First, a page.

There has been an angry response from German politicians to Nokia’s decision to close its handset assembly plant at Bochum and move production to Romania and Hungary.
There will be a loss of 2,300 jobs and the local state premier Jurgen Ruttgers wants an investigation into whether Nokia took unfair advantage of subsidies: “It is inconceivable that they receive 60 million euros in state subsidies and between 23 and 28 million from the German government in research aid, and then as soon as they are legally able to they say – OK thank you, we’re off somewhere else.”
Nokia got the subsidies in exchange for guaranteeing jobs in Bochum until September 2006 and said it has met all its obligations.
In Bochum people are disgusted with what has happened. One resident said: “If Nokia now goes to Romania or Hungary, perhaps it’s going to get European subsidies for moving there and that’s the last straw! Then, if production there is too expensive for them, one day, perhaps they’ll go to the North Pole, and then the penguins can make their things.”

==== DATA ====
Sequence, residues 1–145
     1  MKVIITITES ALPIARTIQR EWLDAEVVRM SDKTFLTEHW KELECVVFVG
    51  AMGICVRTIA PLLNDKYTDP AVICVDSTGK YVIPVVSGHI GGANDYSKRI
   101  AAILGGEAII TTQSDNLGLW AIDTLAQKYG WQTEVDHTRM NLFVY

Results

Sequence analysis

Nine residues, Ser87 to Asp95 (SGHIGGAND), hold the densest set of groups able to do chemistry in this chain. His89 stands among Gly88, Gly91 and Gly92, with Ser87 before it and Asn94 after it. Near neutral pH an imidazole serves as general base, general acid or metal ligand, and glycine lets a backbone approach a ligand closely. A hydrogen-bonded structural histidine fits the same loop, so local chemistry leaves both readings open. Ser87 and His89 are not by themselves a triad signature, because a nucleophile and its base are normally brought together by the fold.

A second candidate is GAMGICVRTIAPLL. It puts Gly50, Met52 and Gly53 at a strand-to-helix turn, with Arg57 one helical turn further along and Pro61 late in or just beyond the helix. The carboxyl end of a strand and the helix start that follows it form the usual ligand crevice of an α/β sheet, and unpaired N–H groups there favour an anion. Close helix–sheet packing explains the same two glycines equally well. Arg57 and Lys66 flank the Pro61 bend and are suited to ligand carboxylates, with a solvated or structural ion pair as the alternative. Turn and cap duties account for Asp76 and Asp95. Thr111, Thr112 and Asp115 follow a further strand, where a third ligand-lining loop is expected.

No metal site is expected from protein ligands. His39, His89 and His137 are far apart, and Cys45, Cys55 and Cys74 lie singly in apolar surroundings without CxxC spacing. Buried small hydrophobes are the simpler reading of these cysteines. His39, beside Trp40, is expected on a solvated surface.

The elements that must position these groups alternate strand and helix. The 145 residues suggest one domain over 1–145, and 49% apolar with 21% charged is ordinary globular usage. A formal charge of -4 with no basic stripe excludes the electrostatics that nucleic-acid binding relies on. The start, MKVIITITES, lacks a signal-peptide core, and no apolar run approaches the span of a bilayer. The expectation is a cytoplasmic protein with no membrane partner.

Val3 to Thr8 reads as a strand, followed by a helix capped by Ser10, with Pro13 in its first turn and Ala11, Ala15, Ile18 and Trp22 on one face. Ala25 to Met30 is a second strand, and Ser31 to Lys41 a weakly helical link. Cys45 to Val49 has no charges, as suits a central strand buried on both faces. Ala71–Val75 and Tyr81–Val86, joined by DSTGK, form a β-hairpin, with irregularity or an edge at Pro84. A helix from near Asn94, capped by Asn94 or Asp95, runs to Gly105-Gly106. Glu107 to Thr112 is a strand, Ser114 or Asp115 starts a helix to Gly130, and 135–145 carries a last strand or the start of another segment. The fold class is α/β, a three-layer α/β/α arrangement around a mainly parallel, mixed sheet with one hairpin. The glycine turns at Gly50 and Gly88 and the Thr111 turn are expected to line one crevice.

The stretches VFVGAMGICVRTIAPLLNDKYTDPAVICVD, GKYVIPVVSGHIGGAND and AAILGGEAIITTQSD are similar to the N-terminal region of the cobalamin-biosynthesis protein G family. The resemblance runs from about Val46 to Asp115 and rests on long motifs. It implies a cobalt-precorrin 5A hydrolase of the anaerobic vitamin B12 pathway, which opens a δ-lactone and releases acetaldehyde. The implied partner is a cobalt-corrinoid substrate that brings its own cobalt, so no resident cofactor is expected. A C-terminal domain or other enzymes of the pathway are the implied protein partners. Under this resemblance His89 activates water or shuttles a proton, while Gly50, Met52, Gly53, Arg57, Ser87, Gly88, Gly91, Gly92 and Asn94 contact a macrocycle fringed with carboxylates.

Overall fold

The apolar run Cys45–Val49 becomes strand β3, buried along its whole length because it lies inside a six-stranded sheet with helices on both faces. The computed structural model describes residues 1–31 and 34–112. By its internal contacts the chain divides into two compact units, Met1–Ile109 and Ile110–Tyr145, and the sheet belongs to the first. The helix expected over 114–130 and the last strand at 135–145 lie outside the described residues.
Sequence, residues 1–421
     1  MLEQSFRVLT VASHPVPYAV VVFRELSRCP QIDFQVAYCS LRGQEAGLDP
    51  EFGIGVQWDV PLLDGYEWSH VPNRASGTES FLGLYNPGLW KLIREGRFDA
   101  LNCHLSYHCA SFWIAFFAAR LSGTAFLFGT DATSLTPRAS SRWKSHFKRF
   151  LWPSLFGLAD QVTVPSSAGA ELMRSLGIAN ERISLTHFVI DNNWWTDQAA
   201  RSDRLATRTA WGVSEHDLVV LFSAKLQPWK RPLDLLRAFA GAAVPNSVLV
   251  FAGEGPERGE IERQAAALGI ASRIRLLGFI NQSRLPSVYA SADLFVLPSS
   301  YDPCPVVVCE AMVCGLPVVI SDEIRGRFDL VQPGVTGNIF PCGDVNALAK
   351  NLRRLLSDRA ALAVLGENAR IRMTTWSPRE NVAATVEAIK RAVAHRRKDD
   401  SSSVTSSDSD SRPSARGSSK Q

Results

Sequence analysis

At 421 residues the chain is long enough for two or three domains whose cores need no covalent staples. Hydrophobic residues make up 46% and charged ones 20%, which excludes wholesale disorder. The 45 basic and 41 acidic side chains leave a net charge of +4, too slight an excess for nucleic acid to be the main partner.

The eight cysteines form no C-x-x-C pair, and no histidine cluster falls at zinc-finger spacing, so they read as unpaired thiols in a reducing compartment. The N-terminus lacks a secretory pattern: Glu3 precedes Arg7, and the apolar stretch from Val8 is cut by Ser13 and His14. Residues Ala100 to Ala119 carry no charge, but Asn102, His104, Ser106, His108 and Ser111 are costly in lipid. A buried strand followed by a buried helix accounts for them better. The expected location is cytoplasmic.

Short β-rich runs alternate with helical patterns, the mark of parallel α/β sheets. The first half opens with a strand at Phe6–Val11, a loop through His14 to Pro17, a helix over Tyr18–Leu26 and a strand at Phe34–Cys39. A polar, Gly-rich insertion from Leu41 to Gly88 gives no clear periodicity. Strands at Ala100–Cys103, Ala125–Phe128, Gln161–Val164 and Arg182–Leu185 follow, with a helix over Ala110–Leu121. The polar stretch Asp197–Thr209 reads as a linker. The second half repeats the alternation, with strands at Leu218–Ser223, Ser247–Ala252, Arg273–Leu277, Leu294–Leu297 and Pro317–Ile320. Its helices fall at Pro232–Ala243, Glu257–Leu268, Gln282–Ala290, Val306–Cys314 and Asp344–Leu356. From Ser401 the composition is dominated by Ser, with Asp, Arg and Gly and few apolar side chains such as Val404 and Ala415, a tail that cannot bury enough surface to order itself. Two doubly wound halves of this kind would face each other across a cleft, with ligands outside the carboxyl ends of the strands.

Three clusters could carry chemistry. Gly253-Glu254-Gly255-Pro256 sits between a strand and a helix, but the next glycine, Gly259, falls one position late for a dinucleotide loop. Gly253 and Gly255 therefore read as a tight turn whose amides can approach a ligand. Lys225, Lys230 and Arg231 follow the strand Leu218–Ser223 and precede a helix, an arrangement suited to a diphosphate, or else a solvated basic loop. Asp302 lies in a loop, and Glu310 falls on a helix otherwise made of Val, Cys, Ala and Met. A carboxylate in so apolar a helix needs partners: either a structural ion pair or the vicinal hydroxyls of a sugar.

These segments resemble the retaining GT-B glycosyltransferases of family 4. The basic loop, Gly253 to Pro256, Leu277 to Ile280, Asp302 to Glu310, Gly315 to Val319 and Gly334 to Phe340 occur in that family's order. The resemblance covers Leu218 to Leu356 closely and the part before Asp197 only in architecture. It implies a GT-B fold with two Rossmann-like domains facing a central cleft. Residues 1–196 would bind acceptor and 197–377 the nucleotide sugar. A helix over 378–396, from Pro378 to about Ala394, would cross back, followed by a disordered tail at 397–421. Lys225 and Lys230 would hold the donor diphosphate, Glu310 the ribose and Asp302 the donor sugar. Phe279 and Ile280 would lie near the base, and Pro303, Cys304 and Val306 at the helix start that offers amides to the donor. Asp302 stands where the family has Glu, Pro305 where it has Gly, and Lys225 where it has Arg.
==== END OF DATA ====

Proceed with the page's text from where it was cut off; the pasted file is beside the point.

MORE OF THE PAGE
Nokia said it has not received any European Union subsidies in moving production to Romania and Hungary but has registered for financial support from the Hungarian government.
When Nokia goes later this year it will mean the end to mobile phone manufacturing in Germany. In just over a year 6,000 jobs have been lost in the industry with production there being halted by Motorola and BenQ, which took over Siemens’ mobile division.